There is no denying that in this day and age, the Internet is a wondrous and incredibly potent tool for both business and personal use. The ability to look up almost anything and anyone, receive information nigh-instantaneously, and communicate globally with little to no effort allows us to move mountains as though they were pebbles. Some think this translates to online living trusts.
But it does not come without its own share of drawbacks and weaknesses. As great as the internet is, it is not always very reliable – or very trustworthy. Without a keen sense for what may be true and false, it can be easy to step into a world of misinformation within minutes of opening a new browser tab.
Even if you know where to look, there are some things that the Internet just cannot do for you. Looking up a recipe does not mean you know how to cook – or to put it in other terms, specificity and skill do not come with a quick Google search.
As one example, it is very ill-advised to pick up legal advice online. The Internet is an amazing tool for learning more about the law, and it is very useful if you want to do some homework and better understand a legal decision before you make it. But that does not constitute legal advice or give you the breadth of information you need to completely understand every nuance of a legal decision made in your specific county, for your specific case.
Enter legal services. The Internet is full of services that either offer to prepare legal documents for you, or help you go through a DIY process to create your own legal documents, from wills and trusts to contracts. These preparation services, including online living trusts preparation services, range from completely untrustworthy to popular albeit ill-advised. Here is why the concept itself is flawed:
What the Statistics Say
The argument for and against online DIY legal services is simple – on one hand, these platforms are aiming to help you save money upfront by bypassing a legal professional and helping you do what they do for free, or at a reduced cost. On the other hand, however, reading a book or two or downloading a free fill-out form does not make a lawyer.
Among the many boons of the internet is review culture. Reviews and testimonials give us first-hand experience from other consumers to gauge the quality of a product or service. In the case of online legal services, there seems to be a unanimous agreement that you should be prepared to face a possible host of issues – including the documents not being valid in your state, or for your specific case, or running into issues during the document creation process with little to no customer service on the website’s part.
Creating living trusts without first going over the specifics with a professional can lead to a host of clerical errors. And it only takes one error to render your trust invalid. If you then decide to seek the help of a lawyer, it could take several months and several thousands of dollars to fix the problem. Nuances and technicalities are not ignored or glossed over in court, and unless you want a small mistake to haunt you in a few decades, consider doing it right the first time around.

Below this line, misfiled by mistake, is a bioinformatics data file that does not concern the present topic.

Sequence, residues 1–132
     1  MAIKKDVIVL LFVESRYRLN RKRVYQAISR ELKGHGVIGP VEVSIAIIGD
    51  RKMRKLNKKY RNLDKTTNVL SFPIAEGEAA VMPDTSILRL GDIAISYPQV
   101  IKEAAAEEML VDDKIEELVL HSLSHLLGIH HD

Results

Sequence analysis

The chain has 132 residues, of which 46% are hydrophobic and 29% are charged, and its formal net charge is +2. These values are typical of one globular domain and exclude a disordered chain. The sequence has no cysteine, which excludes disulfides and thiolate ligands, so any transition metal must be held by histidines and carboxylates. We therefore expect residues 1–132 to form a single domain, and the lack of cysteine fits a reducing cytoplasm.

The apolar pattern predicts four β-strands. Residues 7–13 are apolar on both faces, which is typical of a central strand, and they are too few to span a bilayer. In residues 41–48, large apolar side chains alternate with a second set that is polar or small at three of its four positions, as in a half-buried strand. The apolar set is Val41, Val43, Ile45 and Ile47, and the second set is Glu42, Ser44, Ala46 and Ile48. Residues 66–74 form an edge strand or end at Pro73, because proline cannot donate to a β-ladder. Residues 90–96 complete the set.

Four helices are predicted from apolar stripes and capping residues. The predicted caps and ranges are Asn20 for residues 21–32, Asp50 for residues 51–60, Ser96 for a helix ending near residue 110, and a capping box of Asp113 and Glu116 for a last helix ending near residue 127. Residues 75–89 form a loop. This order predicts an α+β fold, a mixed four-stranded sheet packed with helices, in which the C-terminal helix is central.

Why Living Trusts Are Best Built Professionally
There is a reason living trusts cost money. It is not because lawyers are a collective band of modern-day highwaymen – instead, it is because it is very easy to make mistakes when drafting up a trust agreement, and it takes years and years of study and practice to set up a firm and offer professional legal services. The upfront costs for legal documents may seem high, but they are a fraction of what it would cost you to remedy mistakes and clerical errors often made when using DIY forms or attempting to create a trust on your own.
Living trusts can be a very complicated legal tool. In most cases, trusts are recommended and drafted up specifically because an estate is too large or too complex to be encapsulated within a last will and testament. With some help from a lawyer, building and polishing your own will takes neither a large amount of time nor resources. But a trust is completely different, built and customized specifically to address issues that only you might face, due to very specific circumstances and a variety of factors.
From the contents of your estate, to the state of your marriage, your relationship to your children, your family’s financial capabilities, your wishes regarding charity and more – there are too many things to consider for a DIY trust to properly address.
There is also the fact that most online legal services offer only a very basic and incredibly boilerplate example of a trust document. Sometimes, they do not even offer separate templates for each state. States have varying laws in matters of inheritance, estate planning and taxes, as well as differences in the probate code. These may be subtle to a layman, but they can substantially change the requirements and considerations of a living trust.
Legal Advice on the Internet
It is important to remember that, technically speaking, it is not legal to offer definitive legal advice through the Internet without practicing the law and taking a person on as an official client. What you see online can be used to help you make better informed decisions, but it is not to be taken as advice directly aimed at you and your needs as a person.
All online legal services offer lengthy disclaimers specifically stating that their content is not to be misunderstood as being official legal advice – the same goes for this article. If you want a valuable and professional opinion, then meet up with a lawyer and give them the details of your estate, and your wants and wishes.
As we have mentioned, the Internet is a great source of information and entertainment. But when discussing matters of inheritance and estate planning, the most important piece of information is to go and speak with a professional.